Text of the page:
Well!, quite a busy week really, started off very well, and ended slightly better except for a minor mishap with a bar of peanut brittle chocolate thing and a recently patched front tooth!
So yes, started very well with me getting a new contract from work. The M.E.D has bought me out of the recruitment companies contract, and I have signed a new one with them. The net effect being that I will probably get some more interesting / challenging work to do, and a 43% payrise. So that was nice.
Back playing squash too, which was great, am a little out of practice, but still, it’s great to be back on the court again. The new place is working out fine, nice and close to work – and toasty enough at night.
But the big excitement of the week was the trip back up to Takaka – to go caving in the Harwoods Hole.
Left on Friday night – and besides getting some pretty awful chips (which were made worse by the fact that they had managed to get their salt and sugar shakers mixed up) it was a fine trip up to Takaka again. The hostel we were staying in -well – caving club hut, was quite like the one in Waitomo, but smaller. Still – at $6 a night with beds, gas, and a pretty great location – it was pretty perfect (situated right on the top of Takaka hill)
The Next day started with me reading this newspaper clipping.
Harwoods has a slightly evil reputation as quite inexperienced people go down it and then get into trouble. The woman in that newspaper cutting sounded quite idiotic really. She got freaked out 20m down, and tried to swing herself over onto a ledge. Which she did, which was fair enough I guess (except that you really don’t want to fray your rope too much over a 180m vertical fall. So yes, once she’d established herself on said precarious ledge she then untied from the rope, because it was pulling her off the ledge. Insane behaviour. So she was then perched on a ledge, 180m above death, with no line connecting her to anything at all. Mad. Luckily enough the rescue people got there before she fell in.
The main scary part (but not the most difficult) is the 200m absail in. That’s what… 50 ish Stories??? Quite big. You first go down 20m, and then you have to swap over ropes (called a re-belay) and go down 180m on the second rope. The changeover is the scary part.
The other slightly more impressive rescue was when a group of – well – 15->17 year olds decided to do the trip as the weather wasn’t quite nice enough for climbing in Paynes Ford that day. So they tied 4 dynamic ropes together (for the non-climbers out there, there are dynamic and static ropes – the dynamic one stretches, so that when you fall off a climb the rope stretches a little so that you don’t get a sudden stop). However, dynamic ropes aren’t the thing for caving with – or at least descending 180m – well about 200 in total. Aaaanyway – so the lads got down the bottom of the cave and then realised that they didn’t actually know how to get through the cave. So one of them prussiked back up the rope (with one prussic and a gri-gri) Pretty impressive stuff. See they’d only told one person (informally) at the campsite that they were going to try this trip.. and so they might not have been spotted for days. All ended well though.
These pics here, were taken by Dave Hume (our leader for the trip), but on a previous trip.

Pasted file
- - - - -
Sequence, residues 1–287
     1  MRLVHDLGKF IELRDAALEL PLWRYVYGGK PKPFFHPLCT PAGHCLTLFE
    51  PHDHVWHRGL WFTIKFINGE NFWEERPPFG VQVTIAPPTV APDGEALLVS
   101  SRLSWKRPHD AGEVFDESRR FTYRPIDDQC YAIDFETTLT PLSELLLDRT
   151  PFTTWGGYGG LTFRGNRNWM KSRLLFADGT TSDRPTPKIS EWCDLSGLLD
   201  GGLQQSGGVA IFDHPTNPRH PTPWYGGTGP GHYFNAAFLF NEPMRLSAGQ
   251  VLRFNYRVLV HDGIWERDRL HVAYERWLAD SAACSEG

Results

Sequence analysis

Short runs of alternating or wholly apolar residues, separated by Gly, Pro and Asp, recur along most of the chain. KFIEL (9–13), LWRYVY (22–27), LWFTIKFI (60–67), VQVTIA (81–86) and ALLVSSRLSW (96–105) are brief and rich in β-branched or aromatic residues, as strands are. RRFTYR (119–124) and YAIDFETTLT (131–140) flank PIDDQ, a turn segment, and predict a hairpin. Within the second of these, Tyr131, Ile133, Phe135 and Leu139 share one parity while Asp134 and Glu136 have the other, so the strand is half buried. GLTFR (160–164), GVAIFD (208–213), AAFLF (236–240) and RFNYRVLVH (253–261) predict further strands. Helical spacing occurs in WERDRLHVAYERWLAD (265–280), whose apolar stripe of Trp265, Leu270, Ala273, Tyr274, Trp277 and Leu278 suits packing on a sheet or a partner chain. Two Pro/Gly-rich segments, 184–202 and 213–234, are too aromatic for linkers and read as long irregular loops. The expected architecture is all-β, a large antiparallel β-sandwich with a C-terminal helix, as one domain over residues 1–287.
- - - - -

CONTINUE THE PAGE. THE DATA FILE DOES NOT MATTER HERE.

You’ll excuse me a little … flowery description of the absail. Hehehe, someone also had left a little plastic skeleton hanging by it’s neck 15m down on the first pitch – I didn’t see it though, but anyway – yes – the absail. It was scary, no doubt about it. Easy enough to get down to the re-belay – where Dave had also absailed into and was watching people go through it (which was just so great!) Then, once you’d switched over ropes (a lot easier than in the practice session we did) it was a total free-fall to the bottom. Well, not fall, but you know what I mean. IT was slightly strange, as you do start to rotate (any momentum and you just keep on turning) so there I was, twirling around in mid-air, trying not to get disorientated and not particularly liking to look up – or down (long way down!!). Eventually though you settle into it and just enjoy it, then it was cool to look up and see Dave suspended sooooo far above. So far. It was, to be honest, quite beautiful to watch the drops of water caught by the sun go whizzing by. Really spectacular.
Once down the bottom we all moved off to one-side while the others came down (there were two trips made – both on the Saturday) It was great – I was in the second trip so got to have a nice lie-in until 11am Lovely. So when Dave had come down to join – Joe, Susan, Clare, Greg and I, it was off into the cave itself.
Here again is a pic of Daves – this time from inside (no kidding)
The cave itself was a marble cave – with some limestone formations. It was ‘sporty’, which means it was quite tricky, lots of little absails inside, and squeezes and bits of climbing. But all in all it was one of the best caves – well the best longest cave I have done to date (though I still loved the blow-hole one in January)
Then we came out into the Starlight Passage. So called ‘cos it’s covered in quartz and it shines like stars. Quite pretty.
Heluva slog back up the mountain, quite glad to be doing it in the dark (we came out of the cave at about 7:30pm) The best part of doing it second was that Chris, Nick and the others had cooked dinner
Which was just amazing of them. Quite a few beers and most of a bottle of Port later, it was time for a well earned sleep!
Very lazy day – reading my excellent book given to me by a friend (Paris) before I left. Called ‘A Mad world, my Masters’ by John Simpson – he’s the BBC foreign affairs correspondent. And an excellent writer he is too, and finally the long drive back to Christchurch.